The repression of GAL genes is in part based on the common repressor Gal80p that interacts with the activator Gal4p. Under non-induced and non-repressed carbon conditions (for example in glycerol) a basal expression level is found for GAL3 and GAL80 (each with a single Gal4p-binding site), which contrasts with the non-expression of genes that encode the enzymes for galactose uptake [45]. Melcher and Xu [45] suggested a mechanism to explain the basal levels of the GAL genes with single Gal4p-binding site and the complete repression of GAL genes with multiple Gal4p-binding sites. They suggested that a Gal80p–Gal80p interaction on adjacent Gal4p-binding sites could stabilize the repression of Gal80p in genes with multiple Gal4p-binding sites. In addition, the subcellular localization and formation of a complex involving Gal7p, Gal1p and Gal10p [38] is another potential way to reduce noise.

Conclusions

We have shown that for biologically plausible concentrations of GA1P and mRNA in the yeast galactose-utilization pathway, the level of the toxic intermediate GA1P is well regulated at 10% induction. We traced this robustness to be primarily due to the kinetic parameters of one of the Leloir pathway enzymes, GT.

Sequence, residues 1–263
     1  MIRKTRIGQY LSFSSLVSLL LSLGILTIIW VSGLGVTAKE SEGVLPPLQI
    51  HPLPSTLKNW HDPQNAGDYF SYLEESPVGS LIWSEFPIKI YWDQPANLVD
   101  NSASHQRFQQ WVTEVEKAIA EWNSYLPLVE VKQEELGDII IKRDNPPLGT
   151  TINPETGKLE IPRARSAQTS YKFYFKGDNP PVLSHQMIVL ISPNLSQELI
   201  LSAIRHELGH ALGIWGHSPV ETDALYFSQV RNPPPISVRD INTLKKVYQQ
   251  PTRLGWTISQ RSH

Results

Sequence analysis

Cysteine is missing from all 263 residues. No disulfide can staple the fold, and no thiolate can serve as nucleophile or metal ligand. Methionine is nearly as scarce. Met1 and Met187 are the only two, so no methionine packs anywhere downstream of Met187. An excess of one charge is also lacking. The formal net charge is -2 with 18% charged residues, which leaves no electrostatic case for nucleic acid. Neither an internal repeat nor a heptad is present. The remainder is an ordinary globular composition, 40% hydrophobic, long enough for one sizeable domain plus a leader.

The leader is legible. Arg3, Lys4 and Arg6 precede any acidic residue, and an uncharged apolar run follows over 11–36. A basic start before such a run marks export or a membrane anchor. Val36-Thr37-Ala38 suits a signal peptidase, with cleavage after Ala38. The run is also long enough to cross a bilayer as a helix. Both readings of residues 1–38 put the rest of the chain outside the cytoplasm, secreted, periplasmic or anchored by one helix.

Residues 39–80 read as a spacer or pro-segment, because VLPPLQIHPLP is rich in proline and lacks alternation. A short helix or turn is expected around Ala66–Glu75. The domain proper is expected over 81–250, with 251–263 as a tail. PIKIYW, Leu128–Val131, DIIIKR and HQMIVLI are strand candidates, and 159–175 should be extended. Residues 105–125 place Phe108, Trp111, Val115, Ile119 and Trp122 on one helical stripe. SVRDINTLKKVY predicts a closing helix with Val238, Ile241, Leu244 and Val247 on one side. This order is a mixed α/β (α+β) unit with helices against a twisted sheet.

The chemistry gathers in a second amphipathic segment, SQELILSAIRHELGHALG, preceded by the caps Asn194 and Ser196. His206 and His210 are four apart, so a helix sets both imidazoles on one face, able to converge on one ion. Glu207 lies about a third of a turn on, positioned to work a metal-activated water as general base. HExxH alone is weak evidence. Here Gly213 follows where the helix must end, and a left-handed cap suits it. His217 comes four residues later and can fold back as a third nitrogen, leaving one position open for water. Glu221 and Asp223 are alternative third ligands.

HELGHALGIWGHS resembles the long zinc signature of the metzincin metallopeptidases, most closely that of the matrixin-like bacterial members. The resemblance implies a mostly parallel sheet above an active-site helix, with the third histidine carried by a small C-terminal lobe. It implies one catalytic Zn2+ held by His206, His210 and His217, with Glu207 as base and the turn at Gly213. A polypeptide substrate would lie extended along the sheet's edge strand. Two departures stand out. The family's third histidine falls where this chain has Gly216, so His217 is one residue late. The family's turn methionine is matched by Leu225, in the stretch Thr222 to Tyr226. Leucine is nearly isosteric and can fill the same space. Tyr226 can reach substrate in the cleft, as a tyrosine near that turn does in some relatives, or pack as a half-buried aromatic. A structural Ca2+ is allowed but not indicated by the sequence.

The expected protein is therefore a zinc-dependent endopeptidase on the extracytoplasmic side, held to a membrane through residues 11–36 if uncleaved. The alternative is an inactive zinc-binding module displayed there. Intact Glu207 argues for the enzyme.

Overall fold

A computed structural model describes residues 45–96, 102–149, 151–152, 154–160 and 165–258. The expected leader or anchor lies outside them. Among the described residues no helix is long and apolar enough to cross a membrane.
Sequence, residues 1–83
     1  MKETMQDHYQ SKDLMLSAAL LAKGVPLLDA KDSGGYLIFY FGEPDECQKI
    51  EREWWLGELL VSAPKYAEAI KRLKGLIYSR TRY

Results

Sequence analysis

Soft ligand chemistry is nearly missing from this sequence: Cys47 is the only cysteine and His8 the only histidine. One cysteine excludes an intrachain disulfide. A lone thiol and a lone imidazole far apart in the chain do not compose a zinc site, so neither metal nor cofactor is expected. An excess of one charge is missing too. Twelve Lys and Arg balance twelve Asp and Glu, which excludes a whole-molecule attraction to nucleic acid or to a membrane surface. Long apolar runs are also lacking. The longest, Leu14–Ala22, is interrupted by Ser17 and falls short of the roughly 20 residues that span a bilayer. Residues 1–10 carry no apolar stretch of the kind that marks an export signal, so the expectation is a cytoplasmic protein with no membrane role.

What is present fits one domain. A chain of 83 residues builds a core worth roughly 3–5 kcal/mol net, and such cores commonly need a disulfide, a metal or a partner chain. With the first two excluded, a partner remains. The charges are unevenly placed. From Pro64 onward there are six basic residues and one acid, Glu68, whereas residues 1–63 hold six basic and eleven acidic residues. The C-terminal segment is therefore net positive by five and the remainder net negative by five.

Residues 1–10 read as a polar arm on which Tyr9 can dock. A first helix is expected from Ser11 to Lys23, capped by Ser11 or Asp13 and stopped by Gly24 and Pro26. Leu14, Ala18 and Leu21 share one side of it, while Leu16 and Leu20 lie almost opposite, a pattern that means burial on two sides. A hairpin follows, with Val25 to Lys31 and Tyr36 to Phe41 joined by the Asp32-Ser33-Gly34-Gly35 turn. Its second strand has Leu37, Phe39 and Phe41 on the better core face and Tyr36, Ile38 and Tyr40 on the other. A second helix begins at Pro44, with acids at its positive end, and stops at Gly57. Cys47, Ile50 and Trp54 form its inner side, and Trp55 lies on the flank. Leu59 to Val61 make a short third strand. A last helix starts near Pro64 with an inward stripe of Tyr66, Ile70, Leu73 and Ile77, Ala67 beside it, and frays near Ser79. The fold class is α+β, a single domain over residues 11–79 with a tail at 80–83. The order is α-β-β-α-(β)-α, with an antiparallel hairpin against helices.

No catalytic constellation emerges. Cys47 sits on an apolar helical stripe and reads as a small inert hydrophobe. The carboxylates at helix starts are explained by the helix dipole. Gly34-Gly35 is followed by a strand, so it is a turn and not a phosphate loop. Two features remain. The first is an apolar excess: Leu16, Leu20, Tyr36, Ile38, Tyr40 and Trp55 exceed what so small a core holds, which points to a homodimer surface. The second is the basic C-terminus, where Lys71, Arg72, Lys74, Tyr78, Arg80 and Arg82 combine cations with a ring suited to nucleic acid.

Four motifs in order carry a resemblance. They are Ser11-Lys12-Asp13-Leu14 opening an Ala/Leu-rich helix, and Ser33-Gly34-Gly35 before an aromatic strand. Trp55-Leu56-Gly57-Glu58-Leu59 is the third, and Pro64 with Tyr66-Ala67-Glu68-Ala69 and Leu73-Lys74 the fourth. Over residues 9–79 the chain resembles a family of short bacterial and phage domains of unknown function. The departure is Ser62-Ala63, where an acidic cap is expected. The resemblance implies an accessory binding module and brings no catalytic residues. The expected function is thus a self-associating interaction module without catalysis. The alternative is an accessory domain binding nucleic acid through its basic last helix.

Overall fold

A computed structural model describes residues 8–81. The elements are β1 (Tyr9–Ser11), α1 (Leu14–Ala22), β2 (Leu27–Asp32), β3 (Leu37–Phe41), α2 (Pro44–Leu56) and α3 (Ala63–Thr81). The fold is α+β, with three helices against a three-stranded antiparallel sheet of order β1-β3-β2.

We thank Earl Solis, Vesteinn Thorsson, Daehee Hwang and Alistair Rust for their contributions to the model development. We thank the anonymous referees for their insightful comments during the review process.

Abbreviations

     
  • EP

    UDP-galactose 4-epimerase

  •  
  • GAE

    external galactose

  •  
  • GAI

    internal galactose

  •  
  • GA1P

    galactose 1-phosphate

  •  
  • GK

    galactokinase

  •  
  • GL1P

    glucose 1-phosphate

  •  
  • GT

    galactose-1-phosphate uridylyltransferase

  •  
  • MCA

    metabolic control analysis

  •  
  • ODE

    ordinary differential equation

  •  
  • UGA

    UDP-galactose

  •  
  • UGL

    UDP-glucose

APPENDIX

Derivation of eqn 6

GA1P acts only through GT and no other enzymes in the system, thus eqn 6 is a particular case of eqn 3. Note that the flux control coefficient for the demand block alone (CGTJdemand) and the flux control coefficient for the whole system (CGTJ) are different (see Table 4).

Derivation of eqn 7

Provided that the reaction rate through the demand block (vdemand) corresponds to the reaction rate through GT (vGT, which depends on GA1P and UGL), and that UGL depends on GA1P through the action of EP, then an expression for vdemand can be written as:

 
formula

In the context of a separate block demand, GA1P is an independent variable, and UGL is a dependent variable. By application of the chain rule, RGA1PJdemand can be derived:

 
formula

Now, considering the definitions for elasticity (eqn 1) and response coefficient (eqn 3), RGA1PJdemand can be described by the following expression:

 
formula